Monday, May 21, 2007

This Ad Touches your Heart and Soul

Ineffable. I shall not give any descriptions here because words cannot match the class of this creation.
I suggest you watch the ad at least twice to appreciate the beauty of the piece. Also visit the websites mentioned at the end of the clip.

Where to have a PoD for your Brand!

Whenever we talk about positioning a brand, the first two concepts that come to our mind are Points-of-Parity (PoPs) and Points-of-Difference (PoDs). In order to have a distinct differentiated offering, having PoDs at the right level in the Brand Hierarchy is important.

A marketer can differentaite his brand vis-à-vis the competitors at three levels:
  1. Brand Attributes/Features
  2. Brand Benefits
  3. Brand Value

It is essential to have the PoDs sustainable. Special attributes or features that a brand claims can be easily copied by the competitors more often than not. It is tougher, but still possible for competitors to match the benefits that a brand offers. But once a brand has created a distinct value in the minds of the consumers, the competitors cannot follow that route.

Colgate Motion is the battery-operated toothbrush that Colgate has launched. If it focuses on its special bristles or the ergonomically designed handle, Oral-B can come out with its toothbrush with the same features anytime. If Colgate Motion tries to differentiate on the benefit of giving “Superior Cleaning”, Oral-B can match that in some time too. But if Colgate Motion differentiates itself on the Brand Value level as a product that is highly-recommended by dentists, no competitor will be able to replace the trust and respect that the brand will enjoy because of the value it will derive from dentist-endorsements. The trust, once developed in the values a brand stands for, is very difficult to break or replace.

Therefore, whenever you want to find PoDs for your brands or products, look for them at the Brand Value level.

Sunday, May 13, 2007

What a Successful TVC Needs....

The aim of any TV Commercial (TVC) is to perform well on three accounts:

1. Engagement
2. Communication
3. Persuasion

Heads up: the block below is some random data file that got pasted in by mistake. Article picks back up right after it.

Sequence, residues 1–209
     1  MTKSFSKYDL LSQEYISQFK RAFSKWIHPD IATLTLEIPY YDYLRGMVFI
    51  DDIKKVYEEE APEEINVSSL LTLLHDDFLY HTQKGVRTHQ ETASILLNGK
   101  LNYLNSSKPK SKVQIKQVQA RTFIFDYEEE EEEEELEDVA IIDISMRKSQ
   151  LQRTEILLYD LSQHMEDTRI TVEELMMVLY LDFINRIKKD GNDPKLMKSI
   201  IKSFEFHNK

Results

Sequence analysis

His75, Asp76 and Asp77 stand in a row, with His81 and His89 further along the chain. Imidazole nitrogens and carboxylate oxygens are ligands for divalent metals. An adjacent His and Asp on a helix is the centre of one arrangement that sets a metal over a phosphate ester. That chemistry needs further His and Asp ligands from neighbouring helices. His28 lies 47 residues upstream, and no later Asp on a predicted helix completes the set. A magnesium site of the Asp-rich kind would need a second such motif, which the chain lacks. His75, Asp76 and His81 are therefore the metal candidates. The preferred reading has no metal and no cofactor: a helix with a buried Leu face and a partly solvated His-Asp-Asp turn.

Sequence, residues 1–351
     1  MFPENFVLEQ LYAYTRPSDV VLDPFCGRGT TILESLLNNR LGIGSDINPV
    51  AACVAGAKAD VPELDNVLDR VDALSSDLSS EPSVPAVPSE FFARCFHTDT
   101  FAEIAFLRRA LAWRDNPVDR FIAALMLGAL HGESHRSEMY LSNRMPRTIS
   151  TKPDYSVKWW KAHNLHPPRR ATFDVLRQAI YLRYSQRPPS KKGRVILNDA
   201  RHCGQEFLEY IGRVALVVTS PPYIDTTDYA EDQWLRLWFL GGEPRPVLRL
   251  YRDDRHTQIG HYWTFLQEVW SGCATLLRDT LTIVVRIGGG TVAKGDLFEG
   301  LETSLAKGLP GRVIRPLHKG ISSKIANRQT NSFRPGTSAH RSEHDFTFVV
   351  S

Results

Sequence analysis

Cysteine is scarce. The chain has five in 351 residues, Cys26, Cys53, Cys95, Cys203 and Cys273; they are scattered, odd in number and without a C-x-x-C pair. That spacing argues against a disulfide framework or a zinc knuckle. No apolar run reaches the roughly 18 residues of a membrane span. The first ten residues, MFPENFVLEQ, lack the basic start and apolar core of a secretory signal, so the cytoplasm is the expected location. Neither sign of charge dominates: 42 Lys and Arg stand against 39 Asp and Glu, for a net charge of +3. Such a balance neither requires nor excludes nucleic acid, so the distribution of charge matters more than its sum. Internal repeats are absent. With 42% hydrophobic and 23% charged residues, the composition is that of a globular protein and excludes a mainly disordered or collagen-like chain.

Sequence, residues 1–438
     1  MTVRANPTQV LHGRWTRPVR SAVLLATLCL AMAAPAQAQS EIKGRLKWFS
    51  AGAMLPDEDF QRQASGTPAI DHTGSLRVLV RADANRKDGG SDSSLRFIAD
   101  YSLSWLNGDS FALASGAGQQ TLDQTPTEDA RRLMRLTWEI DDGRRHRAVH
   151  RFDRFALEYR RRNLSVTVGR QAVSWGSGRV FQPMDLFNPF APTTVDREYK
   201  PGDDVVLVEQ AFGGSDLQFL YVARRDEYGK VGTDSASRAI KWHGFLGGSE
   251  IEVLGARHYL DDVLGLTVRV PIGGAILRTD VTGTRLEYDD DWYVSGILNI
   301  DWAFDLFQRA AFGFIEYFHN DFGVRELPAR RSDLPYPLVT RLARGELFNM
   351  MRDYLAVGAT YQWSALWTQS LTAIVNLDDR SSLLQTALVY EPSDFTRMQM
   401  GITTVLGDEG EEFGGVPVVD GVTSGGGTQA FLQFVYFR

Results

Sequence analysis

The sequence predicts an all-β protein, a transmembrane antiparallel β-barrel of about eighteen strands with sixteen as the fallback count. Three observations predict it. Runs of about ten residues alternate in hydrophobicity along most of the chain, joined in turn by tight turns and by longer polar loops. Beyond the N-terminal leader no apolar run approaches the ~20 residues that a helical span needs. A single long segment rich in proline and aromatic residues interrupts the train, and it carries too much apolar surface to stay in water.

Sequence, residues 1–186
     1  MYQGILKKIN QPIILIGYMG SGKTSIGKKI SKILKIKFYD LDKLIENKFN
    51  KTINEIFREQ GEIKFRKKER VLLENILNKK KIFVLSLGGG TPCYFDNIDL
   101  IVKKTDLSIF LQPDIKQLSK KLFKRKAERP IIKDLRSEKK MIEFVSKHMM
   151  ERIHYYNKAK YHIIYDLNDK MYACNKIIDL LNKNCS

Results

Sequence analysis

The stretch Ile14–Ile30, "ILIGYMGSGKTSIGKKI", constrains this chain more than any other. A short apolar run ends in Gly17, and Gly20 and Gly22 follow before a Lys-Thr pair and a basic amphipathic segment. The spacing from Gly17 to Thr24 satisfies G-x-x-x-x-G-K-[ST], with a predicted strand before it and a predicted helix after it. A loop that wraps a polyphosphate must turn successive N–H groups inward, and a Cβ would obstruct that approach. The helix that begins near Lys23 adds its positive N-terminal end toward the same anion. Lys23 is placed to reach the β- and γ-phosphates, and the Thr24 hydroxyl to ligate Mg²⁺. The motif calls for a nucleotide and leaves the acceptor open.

The first job of a TVC is to Engage the viewers. How good the engagement was can be measured by testing aided and unaided recall.

Then, the Communication has to be clear and relevant. A TVC consists of different elements. What each of these elements conveys to the audience is extremely important.
Let us take the example of the recently released Levi Strauss Signature Jeans TVC featuring Deepika Padukone.

An example of an element is the part of the TVC where the stool starts following the girl attracted by the fit of the jeans. When the mirror starts walking for the same reason is another element.

Each element in a TVC should communicate something relevant that builds up the impression in the minds of the viewer about the product.

Finally, the TVC must Persuade the viewer to purchase the product. Whether the Signature Jeans TVC and the charm of Deepika Padukone can persuade a college girl viewing the ad will be the final acid test.

It is important to note that the success of Persuasion depends on how well the ad is Communicated which in turn depends on how well could it engage the viewers. Therefore, we can say that these three stages form a continuum and the success of the one that follows depends on the one(s) that precede it.

Saturday, May 12, 2007

Billboards by ActionAid India

ActionAid is an international anti-poverty agency working in over 40 countries, taking sides with poor people to end poverty and injustice together.

In India, they are working with more than 300 civil society organizations and over five million poor and excluded people in 24 states and two union territories.

Their focus is on the rights of India’s most marginalized communities: Dalit and indigenous people, rural and urban poor, women, children and minorities. These groups face an acute lack of access to and control over resources, services, and institutions.

The organization pays special attention to those in vulnerable situations such as people living with chronic hunger, HIV/AIDS or disability, migrant and bonded workers, children who are out of school, city-dwellers without a home, and people whose land or livelihood is under threat.

Recently, they installed billboards in Delhi to generate concern for homeless people.

I came across this and thought that I should include it on the blog, not only to display the innovation in communication but also to contribute to the promotion of the cause.